She switched the light off and felt her way up to the head of the bed and crawled in. She pulled the sheets and the quilt up around her neck, turned on her right side with her back to him and lay still, waiting to feel his weight settle on the mattress. It seemed like an eternity before it did.
Tim lay on his left side, with his back to her, crowded as close to the edge of the bed as he could get. He was tense as a board, his senses alert. He listened for every breath, every stirring she made, and was shocked, almost angered, when a few minutes later he heard her breathing become a whisper, slow and relaxed, and he realized that she was sleeping. How could she be asleep already? He shifted gingerly, desperate not to wake her. He was uncomfortable. He usually slept on his back, sprawled across the whole bed. He hadn’t shared a bed with anyone since his wife had left him.
His mind was in turmoil. Not only was he in a damnable situation there in the bed, but so many unanswered questions raced through his thoughts. What had he really stumbled upon when he’d gone to Ollie and Ellie’s house? Why was that picture laying on the desk in Ollie’s office? Seeing it there had shocked him. At first, he’d thought he had to be mistaken, but when he picked it up and looked closely, he knew he’d seen it before. It was his mother.
Then Christina had insisted on coming home with him, and she’d called him a Bastard! The word swirled in his mind. Why couldn’t he push it away? He tossed and turned, then finally found refuge in sleep. The warmth of the bed lured him.
Hours later, Christina surfaced slowly, instinctively relaxing into the warmth against her back and the weight encircling her waist. The comfort of it lulled her back into the depths of slumber.

 

CHAPTER TWO

 

About twenty minutes after Tim and Christina left that evening, snow started to fall heavily at Belanger Creek Ranch. Shortly after, the relentless winds came, driving in a blinding blizzard. Colt and Brad drove down to the barn to check on the two hundred head of cows with late calves housed in the corrals. The high board shelters on the windward side of the corrals protected them from the brunt of the storm, and most of the calves were huddled in the calf shelters.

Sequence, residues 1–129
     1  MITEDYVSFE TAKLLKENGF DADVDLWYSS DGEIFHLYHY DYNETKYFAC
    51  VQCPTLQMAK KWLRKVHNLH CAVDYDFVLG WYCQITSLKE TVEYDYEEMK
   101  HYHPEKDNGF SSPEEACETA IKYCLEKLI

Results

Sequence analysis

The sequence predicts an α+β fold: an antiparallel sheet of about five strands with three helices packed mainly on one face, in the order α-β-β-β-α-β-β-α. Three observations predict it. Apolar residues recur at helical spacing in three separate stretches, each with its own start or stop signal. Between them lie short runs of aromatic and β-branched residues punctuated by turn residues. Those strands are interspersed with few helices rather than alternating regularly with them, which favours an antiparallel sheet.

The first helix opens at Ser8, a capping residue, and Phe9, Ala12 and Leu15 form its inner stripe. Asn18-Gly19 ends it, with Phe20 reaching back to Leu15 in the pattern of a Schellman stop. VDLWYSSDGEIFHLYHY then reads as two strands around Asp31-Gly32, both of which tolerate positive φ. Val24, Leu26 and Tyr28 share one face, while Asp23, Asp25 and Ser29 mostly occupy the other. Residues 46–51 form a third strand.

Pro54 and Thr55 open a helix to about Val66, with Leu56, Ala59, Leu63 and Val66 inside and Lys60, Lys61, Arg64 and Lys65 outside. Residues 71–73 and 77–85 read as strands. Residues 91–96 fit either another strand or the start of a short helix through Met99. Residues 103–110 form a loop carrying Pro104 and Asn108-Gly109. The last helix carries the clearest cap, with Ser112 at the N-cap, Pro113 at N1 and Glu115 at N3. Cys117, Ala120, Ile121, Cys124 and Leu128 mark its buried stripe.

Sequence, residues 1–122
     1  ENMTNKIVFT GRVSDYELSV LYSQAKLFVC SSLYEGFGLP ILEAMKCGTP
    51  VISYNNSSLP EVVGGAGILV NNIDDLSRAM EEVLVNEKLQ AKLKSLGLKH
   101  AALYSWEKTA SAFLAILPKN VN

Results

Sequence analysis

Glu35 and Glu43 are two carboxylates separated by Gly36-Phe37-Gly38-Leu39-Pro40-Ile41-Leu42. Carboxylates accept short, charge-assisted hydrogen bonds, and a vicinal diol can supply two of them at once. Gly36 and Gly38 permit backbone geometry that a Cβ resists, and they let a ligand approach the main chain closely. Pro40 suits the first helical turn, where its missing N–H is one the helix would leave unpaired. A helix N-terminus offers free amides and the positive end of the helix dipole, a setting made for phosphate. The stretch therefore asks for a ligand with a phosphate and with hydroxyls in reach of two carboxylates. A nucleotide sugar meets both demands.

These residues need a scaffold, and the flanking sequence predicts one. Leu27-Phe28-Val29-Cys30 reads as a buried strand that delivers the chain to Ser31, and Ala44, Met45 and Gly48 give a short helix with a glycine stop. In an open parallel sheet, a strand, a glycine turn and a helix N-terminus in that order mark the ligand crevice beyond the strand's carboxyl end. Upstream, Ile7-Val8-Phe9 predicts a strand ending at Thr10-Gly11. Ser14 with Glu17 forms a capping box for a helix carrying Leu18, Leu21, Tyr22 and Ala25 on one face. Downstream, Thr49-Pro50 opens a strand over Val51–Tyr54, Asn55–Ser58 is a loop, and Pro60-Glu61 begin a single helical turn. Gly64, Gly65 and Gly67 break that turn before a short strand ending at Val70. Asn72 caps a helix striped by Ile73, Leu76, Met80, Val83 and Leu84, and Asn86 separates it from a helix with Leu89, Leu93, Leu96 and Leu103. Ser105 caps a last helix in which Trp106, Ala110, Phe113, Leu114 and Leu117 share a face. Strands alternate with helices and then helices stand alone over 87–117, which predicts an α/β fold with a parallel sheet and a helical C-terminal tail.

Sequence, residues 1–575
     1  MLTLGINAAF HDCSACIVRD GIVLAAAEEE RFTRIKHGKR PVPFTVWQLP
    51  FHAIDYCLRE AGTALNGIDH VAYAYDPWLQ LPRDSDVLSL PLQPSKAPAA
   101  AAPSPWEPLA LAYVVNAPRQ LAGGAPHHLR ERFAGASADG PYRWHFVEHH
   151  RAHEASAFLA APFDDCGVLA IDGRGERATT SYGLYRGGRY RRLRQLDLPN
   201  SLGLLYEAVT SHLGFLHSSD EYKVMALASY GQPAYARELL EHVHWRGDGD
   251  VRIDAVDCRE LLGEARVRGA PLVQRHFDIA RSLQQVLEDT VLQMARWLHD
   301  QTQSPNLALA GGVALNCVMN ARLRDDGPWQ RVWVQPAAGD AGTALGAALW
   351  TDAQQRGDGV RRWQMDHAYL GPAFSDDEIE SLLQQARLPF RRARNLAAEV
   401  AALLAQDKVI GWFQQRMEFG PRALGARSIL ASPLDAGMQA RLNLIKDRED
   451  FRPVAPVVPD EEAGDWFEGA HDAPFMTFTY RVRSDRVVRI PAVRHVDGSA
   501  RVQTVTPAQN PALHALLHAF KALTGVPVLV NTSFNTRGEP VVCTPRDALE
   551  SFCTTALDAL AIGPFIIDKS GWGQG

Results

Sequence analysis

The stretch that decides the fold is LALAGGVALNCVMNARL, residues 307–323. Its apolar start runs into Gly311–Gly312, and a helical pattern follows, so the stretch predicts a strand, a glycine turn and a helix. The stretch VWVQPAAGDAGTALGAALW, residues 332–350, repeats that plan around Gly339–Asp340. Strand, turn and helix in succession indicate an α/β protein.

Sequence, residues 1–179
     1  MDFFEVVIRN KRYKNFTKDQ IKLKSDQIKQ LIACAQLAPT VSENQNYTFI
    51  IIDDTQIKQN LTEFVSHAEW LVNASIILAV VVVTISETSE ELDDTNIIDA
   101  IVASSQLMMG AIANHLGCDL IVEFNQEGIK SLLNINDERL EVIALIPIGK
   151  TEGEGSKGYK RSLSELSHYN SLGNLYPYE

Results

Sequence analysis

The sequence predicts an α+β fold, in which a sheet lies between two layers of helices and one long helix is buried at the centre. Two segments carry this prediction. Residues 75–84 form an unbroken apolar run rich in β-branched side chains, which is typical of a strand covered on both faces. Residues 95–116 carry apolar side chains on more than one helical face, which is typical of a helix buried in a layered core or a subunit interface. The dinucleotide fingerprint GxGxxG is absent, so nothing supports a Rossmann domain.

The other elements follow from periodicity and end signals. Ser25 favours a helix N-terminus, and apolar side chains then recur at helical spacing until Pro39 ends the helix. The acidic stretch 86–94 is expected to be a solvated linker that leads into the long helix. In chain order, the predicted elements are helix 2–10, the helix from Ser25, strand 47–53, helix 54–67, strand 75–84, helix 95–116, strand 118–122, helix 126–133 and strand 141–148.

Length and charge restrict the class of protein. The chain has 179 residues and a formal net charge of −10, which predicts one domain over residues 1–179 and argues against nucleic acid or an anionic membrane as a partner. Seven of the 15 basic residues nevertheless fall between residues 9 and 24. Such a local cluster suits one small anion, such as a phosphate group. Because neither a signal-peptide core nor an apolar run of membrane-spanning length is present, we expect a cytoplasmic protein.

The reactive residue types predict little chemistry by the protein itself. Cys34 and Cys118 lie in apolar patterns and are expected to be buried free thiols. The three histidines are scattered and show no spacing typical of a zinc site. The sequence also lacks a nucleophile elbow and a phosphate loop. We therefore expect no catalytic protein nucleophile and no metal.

Ollie and Grayson were already there. They had moved a couple dozen smaller calves inside a covered area because they were newborns and the heavy wet snow would weaken them, promoting scours or pneumonia in the herd.
Ollie voiced Colt’s main concern. “This doesn’t bode well for the cows and calves that we turned out into the feeding area down by the river.”
Colt nodded. “I know. They won’t fight against the storm. They’ll put their backs into the wind and drift with it. That’ll take them down off the hilltops where we’ve been feeding them, into the shelter of the ravines or clumps of willow.”
Ollie’s look was sober. “I’ve seen it happen. If it’s bad enough, they’ll get down in those narrow sheltered spots and crowd in like sardines in a can. The calves can get trampled pretty easily.”
Colt looked into the storm. “The calves in that group are older and stronger, but when three-hundred cows start to crowd, even the bigger, healthy animals can lose footing and go down.”
Ollie nodded. “It depends on how long this lasts. I’ve seen these storms last for a couple of days. The cattle can get hung up in the willows and suffocate under the drifts that blow over them. I haven’t been checking the weather forecast the past couple of days, so have no idea what they are predicting for this one. I didn’t even realize it was coming.”
Colt looked at Brad. “I didn’t either. We were playing cards when it started to snow, but I didn’t pay much attention until the wind came up. I just figured it was a quick spring flurry. I should’ve been more aware.”
Ollie brushed the snow off his jacket. “I should have, too. The Cypress Hills can drop some unpredictable surprises on this country.”
Colt slapped his gloves against his jeans. “I think this storm actually came in from Swift Current way. There isn’t much we can do right now. Even if we were able to ride out there, the cattle would fight us at every turn. Hopefully, this will have blown itself out by dawn, and then we’ll ride out with the horses. Right now, we’re better off to get some sleep and conserve the horses. Can you stick around and give us a hand in the morning, Brad?”
“We won’t leave until you get everything straightened out here. Tomorrow is a holiday anyway, and if I need to, I can get one of the installers to go to the shop for me on Tuesday. Christina will be home, so she’ll open the office for Shauna Lee.”
Colt looked at Grayson. “Will you help Ollie attach the blade to the tractor in the morning before we go? Fran will ride out with Brad, you and me. Ollie can follow us with the tractor and plow the snow off the road so we can drive the truck in if we have any animals that need to be hauled home.”